Horowitz’s report, which probed the FBI and DoJ’s handling of applications for secret warrants from the Foreign Intelligence Surveillance Court to watch key Donald Trump campaign figures in 2016, found extensive procedural fault with the agencies but no political bias.
“Horowitz interprets his mission in a narrow sort of very legalistic manner, which is kind of his job, but it’s frustrating for the rest of us because he uses bias, the term ‘bias,’ in a very narrow sense,” Lazare, a journalist and author of the books “The Frozen Republic,” “The Velvet Coup” and “America's Undeclared War,” told Radio Sputnik’s Loud and Clear Wednesday.
However, he noted that the investigation by Durham, appointed by Attorney General William Barr in May to investigate the origins of Russiagate following the Mueller Report’s refutation of the Russian collusion narrative, will be far more wide-ranging and comprehensive in scope than Horowitz’s watchdog report.
“In that narrow sense, he found that Bill Priestap, the number 2 or 3 guy in the FBI who approved the investigation, did not appear to be operating from a position of bias,” Lazare said of Horowitz’s report. “But at the same time, it’s clear that if you ask how this investigation went on for so long and how it’s so thoroughly hopped the rails in a really frightening fashion, then clearly, the larger political atmosphere comes into play.”
“And it’s not just bias against Trump; it’s bias against the Russians. I mean, [former FBI agents] Lisa Page and Peter Strzok in their texts that they were exchanging expressed sentiments about the Russians that if you substituted the word ‘Jew’ or ‘Black,’ would be seen as outrightly bigoted in the most extreme sense. I mean, Lisa Page said that Russians are ‘probably the worst, very little I find redeeming about them, even in history. A couple of good writers and artists I guess.’ And Strzok replied, ‘f**king conniving savage cheaters, at statecraft, athletics, you name it. I’m glad I’m on Team USA.’”
“Can you imagine a US attorney investigating Wall Street corruption going on about Jews being conniving cheaters, or someone investigating the Mafia going on in the same way about Italian Americans? It’s astonishing,” Lazare told hosts Brian Becker and John Kiriakou. “So clearly the atmosphere was poisonous, and clearly it promoted an atmosphere of paranoia toward Russians, and the sense that ‘anything goes, we’re in a battle for our lives, and therefore we could cut corners and ignore, and not take the usual precautions.’”
“I think it’s really an amazing moment. I think it’s really a breakthrough,” he said, noting that a comparatively small part of the media world “have been hollering nonstop that none of this made sense, the FBI was out of control, this whole thing had been concocted out of nothing. But now we’re seeing the truth laid out, and it’s very disturbing. Just watching the chatter on CBS News, it seems to me that the journalists are beginning to wake up to the fact that something really seriously awry was going on.”
“The FBI supposedly briefed Donald Trump in August 2016 but was really probing him to see if they could get any kind of incriminating data on him. This is dangerous stuff. As I think [South Carolina Republican Sen.] Lindsey Graham said, ‘How do I know the FBI isn’t probing me?’”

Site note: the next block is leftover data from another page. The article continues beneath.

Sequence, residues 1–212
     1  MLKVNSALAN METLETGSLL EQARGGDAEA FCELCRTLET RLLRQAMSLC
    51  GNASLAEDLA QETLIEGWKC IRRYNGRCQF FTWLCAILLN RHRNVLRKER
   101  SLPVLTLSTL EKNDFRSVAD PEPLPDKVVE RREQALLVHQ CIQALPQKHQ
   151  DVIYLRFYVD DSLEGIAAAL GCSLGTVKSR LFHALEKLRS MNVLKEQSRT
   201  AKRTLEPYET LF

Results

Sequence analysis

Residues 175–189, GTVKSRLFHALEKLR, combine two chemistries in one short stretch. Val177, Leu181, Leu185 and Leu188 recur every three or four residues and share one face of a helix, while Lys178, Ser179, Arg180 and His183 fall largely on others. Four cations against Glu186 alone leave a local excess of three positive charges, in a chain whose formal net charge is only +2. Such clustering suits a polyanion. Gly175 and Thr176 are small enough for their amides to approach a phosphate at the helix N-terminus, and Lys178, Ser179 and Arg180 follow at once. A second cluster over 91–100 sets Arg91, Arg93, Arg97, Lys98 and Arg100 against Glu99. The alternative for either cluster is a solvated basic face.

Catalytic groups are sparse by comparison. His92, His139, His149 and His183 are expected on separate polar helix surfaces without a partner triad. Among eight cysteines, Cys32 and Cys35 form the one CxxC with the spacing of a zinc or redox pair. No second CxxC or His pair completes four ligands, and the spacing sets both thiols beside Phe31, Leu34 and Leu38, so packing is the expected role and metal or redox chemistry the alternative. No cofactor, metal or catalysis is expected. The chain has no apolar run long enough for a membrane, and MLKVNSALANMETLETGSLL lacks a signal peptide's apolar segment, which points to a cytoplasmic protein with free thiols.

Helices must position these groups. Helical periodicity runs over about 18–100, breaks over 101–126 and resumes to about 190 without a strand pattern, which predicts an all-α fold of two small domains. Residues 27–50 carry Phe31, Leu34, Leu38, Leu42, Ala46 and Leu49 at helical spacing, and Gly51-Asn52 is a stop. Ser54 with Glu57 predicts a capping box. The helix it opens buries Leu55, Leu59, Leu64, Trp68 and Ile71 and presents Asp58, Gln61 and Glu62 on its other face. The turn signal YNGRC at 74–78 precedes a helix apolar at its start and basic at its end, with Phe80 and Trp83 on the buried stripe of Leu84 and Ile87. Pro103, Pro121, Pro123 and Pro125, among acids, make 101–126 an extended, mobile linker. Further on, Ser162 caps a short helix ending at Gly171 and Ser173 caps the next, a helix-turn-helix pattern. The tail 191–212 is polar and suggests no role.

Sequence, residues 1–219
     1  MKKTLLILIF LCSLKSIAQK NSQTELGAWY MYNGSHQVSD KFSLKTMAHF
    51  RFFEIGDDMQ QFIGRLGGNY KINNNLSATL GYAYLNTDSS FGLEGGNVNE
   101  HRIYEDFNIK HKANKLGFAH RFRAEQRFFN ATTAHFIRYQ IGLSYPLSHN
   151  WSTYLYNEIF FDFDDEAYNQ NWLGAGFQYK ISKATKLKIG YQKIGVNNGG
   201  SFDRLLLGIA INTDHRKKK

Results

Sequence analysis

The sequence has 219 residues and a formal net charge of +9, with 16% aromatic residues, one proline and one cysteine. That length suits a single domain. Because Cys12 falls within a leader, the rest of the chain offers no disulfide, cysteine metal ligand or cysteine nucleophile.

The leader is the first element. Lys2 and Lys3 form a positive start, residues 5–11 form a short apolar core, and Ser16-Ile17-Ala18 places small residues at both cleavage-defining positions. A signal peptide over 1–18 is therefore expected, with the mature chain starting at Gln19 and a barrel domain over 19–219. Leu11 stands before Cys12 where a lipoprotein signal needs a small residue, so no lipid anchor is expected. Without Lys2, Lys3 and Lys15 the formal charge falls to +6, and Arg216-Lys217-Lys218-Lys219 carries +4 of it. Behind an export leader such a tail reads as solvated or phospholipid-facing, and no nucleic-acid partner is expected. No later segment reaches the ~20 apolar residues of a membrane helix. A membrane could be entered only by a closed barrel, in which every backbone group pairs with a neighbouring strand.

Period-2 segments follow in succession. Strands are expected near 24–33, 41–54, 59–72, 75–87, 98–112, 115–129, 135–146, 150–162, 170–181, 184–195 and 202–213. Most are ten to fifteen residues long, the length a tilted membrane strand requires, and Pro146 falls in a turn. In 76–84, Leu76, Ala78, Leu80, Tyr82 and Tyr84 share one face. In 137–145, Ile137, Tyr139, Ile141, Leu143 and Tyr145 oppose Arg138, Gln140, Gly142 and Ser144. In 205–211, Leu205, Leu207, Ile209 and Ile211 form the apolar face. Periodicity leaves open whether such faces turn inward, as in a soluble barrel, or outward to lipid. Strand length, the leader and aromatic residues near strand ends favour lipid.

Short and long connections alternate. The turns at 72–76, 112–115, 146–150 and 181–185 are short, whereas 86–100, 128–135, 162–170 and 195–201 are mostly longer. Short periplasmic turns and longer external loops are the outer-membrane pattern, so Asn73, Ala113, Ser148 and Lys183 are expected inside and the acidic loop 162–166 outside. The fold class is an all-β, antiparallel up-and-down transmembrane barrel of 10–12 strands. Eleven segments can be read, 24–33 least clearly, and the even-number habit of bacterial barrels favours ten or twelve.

Kiriakou, a former CIA analyst and agent, noted that “we don’t know,” because the FBI can “on the flimsiest of pretexts, investigate literally anybody they want, and there’s nothing you can do about it.”
Lazare concurred, noting “that was the whole point” of Monday’s IG report. “There’s no oversight. I mean, the FBI went rogue, and it went rogue because there was no one to tell it otherwise. And a powerful police agency like this going rogue is a really scary prospect, and investigating a presidential candidate - wow, the mind reels,” he said.
However, Durham’s much anticipated report for the attorney general is still to come, and the attorney has already expressed his disagreement with some of Horowitz’s conclusions.
“Durham’s brief is much broader: he has subpoena power - and I don’t believe that Horowitz did - and he’s looking not only to the FBI and how the FBI applied for these FISA [Foreign Intelligence Surveillance Act] warrants against this poor guy [former Trump campaign adviser Carter Page]. He’s looking at the whole grand sweep of the operation, including the role of the intelligence agencies, and that is crucial,” Lazare noted.
“I mean, this started with a guy named Joseph Mifsud, who the Mueller Report strongly suggests is some kind of Russian agent. But we have a wealth of information indicating the opposite: that he is, in fact, a Western intelligence agent. So this whole thing begins with a Western intelligence agent. How did that happen? Who put him up to this? Was it his own initiative? Did he consult with anybody else? We’re really getting into the Heart of Darkness here,” Lazare said.
“Horowitz has lifted up one small corner of the blanket, and what he found is amazing, but we have to wait until the entire blanket is removed and we find out really the full story as to how this operation began, who was involved, who was involved from the earliest stages, too. That’s the really critical point. And the critical moment is from December 2015 to March 2016, when Mifsud first sits down with George Papadopoulos,” Trump’s former campaign foreign policy adviser.
“But we have evidence, we have reports that the various international intelligence agencies in as many as 10 or 12 different countries were sharing information, exchanging chatter about Russian contacts with the Trump campaign, essentially convincing themselves in their paranoid state of mind that something conspiratorial was going on,” Lazare said. “And that’s the crucial moment; that’s when the whole process takes flight.”